This past weekend, I was racing at Calabogie Motorsports Park as part of Team00. We had 5 cars up for the weekend – two Integra Type-R’s (#40 & #00), one Integra with a K20 motor (#04), the Saturn SC (#03) and the team’s “new” 1970’s Ford Fiesta (#227). We had 5 drivers too, although we jumped from car to car depending on the series.
I came up for the test day on Friday. I wanted to have a session in the #04 Integra (which has a K20 motor), as it is by far our fastest car. However, there was drizzle during my session, so I didn’t work up much speed. I was very gentle on the throttle to prevent spinning off the track. I also had a lot of problems finding fourth gear. Listening to videos from other drivers in the same car, we all have the same problem. It’s just an awkward reach back and to the right.
After lunch, I took out #40, the ex-World Challenge car. This was the car I would be racing for the weekend in GT Sprints, so I wanted to have a session to prepare myself and get a feeling for the car again. I haven’t driven it since last season.
I prepared to take #40 out again for the final session of the day. As I was about to roll off mock grid, I reached up to connect the window net and the fitting snapped off. Without a window net, I could not go out on the track. I got out of the car, changed out of my race suit and then ran around the paddock trying to find someone that had a welder. No one I spoke with had one, but someone suggested that there was a garage in the village of Calabogie. I left the track to find the garage. I eventually did find it, but the lights were off and a sign was posted on the door reading “Back on Monday”.
I drove back to the track thinking my weekend was over before it even began because of a seemingly non-critical weld. Luckily, in the evening we found a team with a welder who fixed us up. When I tried the fitting to make sure everything still worked, I broke off the fitting at other end of the same rod. Unbelievable! We could not weld this new problem (not enough room to gain access), so we safety-wired the end of the rod to the roll cage, and duct taped everything. For the rest of the weekend, we would be getting in and out of the car using the passenger door – that window net was not to be touched again!
Saturday started with a short practice session. The schedule was very tight, so the track time was cut down for all sessions. I started the weekend with a 1:28.431 in this session, which was near the back of the GT-4 class.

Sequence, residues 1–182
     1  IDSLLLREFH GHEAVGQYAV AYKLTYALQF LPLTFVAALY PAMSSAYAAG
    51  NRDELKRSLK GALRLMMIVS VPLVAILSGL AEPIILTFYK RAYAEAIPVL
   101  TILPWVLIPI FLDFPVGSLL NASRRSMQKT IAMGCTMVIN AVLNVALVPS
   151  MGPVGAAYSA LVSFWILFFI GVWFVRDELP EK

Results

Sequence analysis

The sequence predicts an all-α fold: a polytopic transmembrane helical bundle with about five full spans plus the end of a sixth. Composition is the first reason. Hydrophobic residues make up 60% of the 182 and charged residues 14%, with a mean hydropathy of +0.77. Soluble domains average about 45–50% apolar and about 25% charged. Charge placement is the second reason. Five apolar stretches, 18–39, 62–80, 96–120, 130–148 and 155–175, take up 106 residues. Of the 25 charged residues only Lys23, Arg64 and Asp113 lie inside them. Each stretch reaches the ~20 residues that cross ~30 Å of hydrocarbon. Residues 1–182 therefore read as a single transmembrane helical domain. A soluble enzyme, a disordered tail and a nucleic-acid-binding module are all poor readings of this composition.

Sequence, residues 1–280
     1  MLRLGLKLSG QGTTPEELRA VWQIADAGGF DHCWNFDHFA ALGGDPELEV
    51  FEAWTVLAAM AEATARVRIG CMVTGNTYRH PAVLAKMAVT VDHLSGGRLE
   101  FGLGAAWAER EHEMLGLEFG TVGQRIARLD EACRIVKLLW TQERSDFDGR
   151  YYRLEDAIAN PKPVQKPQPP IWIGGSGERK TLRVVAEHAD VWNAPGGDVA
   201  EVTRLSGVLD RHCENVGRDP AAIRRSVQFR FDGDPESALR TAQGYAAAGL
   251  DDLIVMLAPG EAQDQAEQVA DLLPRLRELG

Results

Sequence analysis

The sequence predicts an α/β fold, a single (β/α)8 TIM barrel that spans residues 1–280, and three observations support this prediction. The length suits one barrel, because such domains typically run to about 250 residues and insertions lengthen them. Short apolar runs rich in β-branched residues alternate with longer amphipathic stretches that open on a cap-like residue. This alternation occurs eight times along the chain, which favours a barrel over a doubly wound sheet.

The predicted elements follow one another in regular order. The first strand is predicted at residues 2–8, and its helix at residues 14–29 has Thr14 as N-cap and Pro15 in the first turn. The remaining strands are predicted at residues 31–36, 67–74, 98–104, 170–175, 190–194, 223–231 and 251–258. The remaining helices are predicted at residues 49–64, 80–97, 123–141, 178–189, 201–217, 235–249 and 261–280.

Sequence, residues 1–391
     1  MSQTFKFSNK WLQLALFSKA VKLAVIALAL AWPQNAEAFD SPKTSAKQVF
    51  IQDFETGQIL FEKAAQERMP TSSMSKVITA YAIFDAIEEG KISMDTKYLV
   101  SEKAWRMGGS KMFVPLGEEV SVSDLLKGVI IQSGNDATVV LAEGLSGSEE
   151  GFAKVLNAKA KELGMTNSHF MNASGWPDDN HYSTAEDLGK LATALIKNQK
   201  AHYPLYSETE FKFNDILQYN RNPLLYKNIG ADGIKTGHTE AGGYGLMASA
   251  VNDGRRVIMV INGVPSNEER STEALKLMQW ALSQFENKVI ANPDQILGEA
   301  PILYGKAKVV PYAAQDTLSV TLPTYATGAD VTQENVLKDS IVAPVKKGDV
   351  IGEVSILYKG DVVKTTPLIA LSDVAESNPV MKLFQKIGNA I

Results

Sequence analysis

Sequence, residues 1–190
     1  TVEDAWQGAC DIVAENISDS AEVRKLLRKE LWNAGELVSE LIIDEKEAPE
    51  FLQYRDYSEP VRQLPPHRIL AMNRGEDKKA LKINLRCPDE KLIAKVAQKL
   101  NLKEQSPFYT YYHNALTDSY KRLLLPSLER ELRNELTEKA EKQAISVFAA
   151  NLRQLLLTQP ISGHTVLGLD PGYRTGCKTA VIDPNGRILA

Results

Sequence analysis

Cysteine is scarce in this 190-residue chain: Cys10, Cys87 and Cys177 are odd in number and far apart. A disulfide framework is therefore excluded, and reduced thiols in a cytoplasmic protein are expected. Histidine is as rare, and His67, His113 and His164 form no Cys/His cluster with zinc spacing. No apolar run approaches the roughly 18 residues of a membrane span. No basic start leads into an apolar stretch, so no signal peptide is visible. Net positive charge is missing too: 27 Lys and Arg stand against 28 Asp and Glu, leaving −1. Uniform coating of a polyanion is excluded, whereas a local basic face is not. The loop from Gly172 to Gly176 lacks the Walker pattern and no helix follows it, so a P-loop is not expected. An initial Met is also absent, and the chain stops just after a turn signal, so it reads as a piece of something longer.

The qualifying was just before lunch. It was a short 10-minute session, as the GT Sprints field was split into two groups (partly for safety reasons). My time was 1:27.076, which was only a slight improvement. But it was way off the pace. On the last lap, one of the rear tires burst and went flat. I’m glad I was able to instantly react and brought the car back to the pits. Jay thought that the poor tire condition might have contributed to the slow times. I was so disappointed. Jay was in the same car for the GT Challenge series earlier in the day and his qualifying time was 1:21.916 – over five seconds faster on the short track. I just couldn’t believe I had done so poorly. It really bothered me for most of the afternoon.
The race was in the middle of the afternoon. I had fun, but still finished second last in class. I was happy I made some good passes. Sadly, the video camera wasn’t on because I couldn’t properly reach the on-button while I was on mock grid (and belted in). I was also happy that I brought the lap time down to 1:24.586. Still not great, but a good improvement. A friend had told me the best place to pass was on the outside of Turn-15 (aka Spoon), so I tried that over and over again – it worked great the few times I could close up on a competitor before the turn!
Meanwhile, Steve was working on the #04 Integra. He was also racing in the GT Challenge series and decided to put on a set of racing slicks. However, once we had the tires mounted, the rims wouldn’t fit because of suspension clearance. We fixed that problem with a bunch of spacers. Next, the tires were rubbing on the bodywork. So we spent 30-45 minutes rolling the fenders to allow for the larger tires. During the 1-hr race, Steve went like hell for about 30 minutes before the slicks were done and his lap times plummeted to over 1:40 per lap.